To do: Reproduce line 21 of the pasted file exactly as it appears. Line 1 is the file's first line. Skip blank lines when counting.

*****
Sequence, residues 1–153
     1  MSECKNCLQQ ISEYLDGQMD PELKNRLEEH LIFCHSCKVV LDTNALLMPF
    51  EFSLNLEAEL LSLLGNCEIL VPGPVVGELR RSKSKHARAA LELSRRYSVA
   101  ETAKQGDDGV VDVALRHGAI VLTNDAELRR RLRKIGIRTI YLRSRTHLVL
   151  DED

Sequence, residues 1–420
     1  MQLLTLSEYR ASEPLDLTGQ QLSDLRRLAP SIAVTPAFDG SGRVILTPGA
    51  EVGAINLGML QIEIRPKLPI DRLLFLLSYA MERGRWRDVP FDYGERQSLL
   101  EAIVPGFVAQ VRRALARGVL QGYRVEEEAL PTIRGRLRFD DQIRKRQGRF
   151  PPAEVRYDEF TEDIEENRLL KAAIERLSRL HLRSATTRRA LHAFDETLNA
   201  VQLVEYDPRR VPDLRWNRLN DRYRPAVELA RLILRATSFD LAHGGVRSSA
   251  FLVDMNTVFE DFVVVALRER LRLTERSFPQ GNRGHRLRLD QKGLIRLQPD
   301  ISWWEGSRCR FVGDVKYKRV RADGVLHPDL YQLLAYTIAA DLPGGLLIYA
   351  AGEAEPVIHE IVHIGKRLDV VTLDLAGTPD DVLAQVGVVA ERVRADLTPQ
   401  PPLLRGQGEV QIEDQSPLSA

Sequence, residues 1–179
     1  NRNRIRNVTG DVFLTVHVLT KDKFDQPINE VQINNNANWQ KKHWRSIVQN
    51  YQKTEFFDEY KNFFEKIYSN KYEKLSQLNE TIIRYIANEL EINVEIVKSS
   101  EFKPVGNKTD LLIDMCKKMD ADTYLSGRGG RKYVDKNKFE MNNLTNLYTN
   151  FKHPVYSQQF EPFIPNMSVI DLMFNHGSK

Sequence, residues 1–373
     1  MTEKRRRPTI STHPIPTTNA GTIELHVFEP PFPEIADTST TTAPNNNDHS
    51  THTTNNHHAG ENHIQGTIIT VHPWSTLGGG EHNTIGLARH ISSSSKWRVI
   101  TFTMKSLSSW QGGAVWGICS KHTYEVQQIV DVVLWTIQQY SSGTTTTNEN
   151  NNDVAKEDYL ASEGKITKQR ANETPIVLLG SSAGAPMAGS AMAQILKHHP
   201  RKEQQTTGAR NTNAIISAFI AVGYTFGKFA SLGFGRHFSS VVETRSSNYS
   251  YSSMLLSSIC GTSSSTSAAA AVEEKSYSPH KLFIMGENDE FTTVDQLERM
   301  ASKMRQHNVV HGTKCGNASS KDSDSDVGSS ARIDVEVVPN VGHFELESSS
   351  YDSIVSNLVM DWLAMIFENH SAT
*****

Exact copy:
Sequence, residues 1–373